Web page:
…Watson’s bill is up for consideration this afternoon on the Senate floor. He said he’s not sure whether he will move on it or wait to see what happens to Carter’s bill in the Calendar and Rules Committee, the last hurdle before hitting the House floor.
Carter, a freshman lawmaker, has been driving the legislation, adjusting it to accommodate legislative critics.
“Things look good,” said Carter, an attorney who was a top assistant to former Hamilton County Mayor Claude Ramsey, now Gov. Bill Haslam’s deputy.
“Things look good,” said Carter, an attorney who was a top assistant to former Hamilton County Mayor Claude Ramsey, now Gov. Bill Haslam’s deputy.
“I think we’re going to make it to the floor, and I think we’re going to win the vote on the floor,” he said, adding that little differences in the House and Senate bills would need ironing out.
Carter’s amended bill includes the moratorium but only for residential and farm properties, not commercial properties. The study would be conducted by the Tennessee Advisory Commission on Intergovernmental Relations.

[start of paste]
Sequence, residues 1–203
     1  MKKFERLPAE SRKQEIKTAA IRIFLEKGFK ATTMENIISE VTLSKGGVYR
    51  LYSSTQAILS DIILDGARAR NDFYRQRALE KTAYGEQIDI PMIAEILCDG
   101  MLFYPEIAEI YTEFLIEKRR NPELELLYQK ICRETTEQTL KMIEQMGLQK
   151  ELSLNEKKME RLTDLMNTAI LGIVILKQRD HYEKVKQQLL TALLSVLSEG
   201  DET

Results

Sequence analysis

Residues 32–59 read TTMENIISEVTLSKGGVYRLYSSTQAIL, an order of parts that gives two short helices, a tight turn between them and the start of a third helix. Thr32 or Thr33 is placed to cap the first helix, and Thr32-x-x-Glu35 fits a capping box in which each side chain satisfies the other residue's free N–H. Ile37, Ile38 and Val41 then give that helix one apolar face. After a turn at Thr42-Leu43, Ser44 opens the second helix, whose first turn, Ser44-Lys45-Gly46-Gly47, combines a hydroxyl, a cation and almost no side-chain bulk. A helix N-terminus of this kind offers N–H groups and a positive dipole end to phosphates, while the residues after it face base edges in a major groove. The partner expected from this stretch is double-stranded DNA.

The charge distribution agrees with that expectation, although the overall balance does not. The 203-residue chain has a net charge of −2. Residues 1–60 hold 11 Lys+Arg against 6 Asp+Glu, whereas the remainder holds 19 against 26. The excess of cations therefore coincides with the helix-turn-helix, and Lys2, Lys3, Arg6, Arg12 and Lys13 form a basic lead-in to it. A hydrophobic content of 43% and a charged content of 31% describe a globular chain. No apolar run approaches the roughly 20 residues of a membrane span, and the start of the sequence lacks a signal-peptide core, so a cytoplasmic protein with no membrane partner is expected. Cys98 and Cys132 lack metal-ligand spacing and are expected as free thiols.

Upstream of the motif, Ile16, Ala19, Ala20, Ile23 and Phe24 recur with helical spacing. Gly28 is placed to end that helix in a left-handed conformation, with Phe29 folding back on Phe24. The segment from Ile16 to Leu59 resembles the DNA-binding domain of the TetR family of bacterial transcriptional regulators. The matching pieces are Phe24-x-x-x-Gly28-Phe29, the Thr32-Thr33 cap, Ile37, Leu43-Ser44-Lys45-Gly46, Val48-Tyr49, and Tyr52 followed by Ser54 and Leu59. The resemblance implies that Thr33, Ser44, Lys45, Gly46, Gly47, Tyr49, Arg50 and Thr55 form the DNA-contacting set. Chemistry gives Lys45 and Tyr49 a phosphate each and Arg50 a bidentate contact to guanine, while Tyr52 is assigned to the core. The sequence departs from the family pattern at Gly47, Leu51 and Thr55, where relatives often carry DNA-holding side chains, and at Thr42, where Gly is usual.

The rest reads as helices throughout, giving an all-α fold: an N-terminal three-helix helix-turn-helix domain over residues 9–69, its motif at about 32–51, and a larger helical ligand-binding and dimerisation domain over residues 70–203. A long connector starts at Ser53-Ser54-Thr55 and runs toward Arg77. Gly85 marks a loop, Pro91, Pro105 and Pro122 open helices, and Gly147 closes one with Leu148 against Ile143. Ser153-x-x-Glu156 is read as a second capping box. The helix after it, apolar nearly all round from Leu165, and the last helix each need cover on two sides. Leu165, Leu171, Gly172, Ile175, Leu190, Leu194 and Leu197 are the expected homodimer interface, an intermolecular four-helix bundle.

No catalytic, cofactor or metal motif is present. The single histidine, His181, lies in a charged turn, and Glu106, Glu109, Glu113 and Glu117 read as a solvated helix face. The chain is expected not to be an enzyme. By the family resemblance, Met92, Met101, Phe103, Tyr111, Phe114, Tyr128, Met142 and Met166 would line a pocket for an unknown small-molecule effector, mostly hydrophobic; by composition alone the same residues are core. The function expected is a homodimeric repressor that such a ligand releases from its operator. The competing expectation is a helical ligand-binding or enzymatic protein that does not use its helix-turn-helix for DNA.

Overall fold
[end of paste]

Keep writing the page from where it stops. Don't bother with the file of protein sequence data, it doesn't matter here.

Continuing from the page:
The bill has its origins in Chattanooga’s recent annexation efforts. Carter said he and Ramsey managed to stop three annexations by Mayor Ron Littlefield, but seven others went through.
All were within Chattanooga’s urban growth boundary created under a 1998 state law aimed at providing for orderly growth rather than simply revenue-snatching land grabs.
Stunned lobbyists for Tennessee cities are trying to regroup after Rep. Mike Carter’s bill upending the state’s 15-year-old urban growth boundary law barreled through the House Local Government Committee on Tuesday despite their concerns,reports Andy Sher. The freshman Ooltewah Republican says he brought the bill affecting annexation (HB231) because of Chattanooga officials’ previous efforts to amend its growth plan in order to, in Carter’s words, “cherry pick” affluent suburbs. But he says the problems extend well beyond Chattanooga, and so does his bill.
Calling it the “Ryan’s buffet rule” after the all-you-can-eat restaurant chain, Carter says the bill requires cities to “clean” their “plates” by annexing everything in their current urban growth plans before seeking to amend them.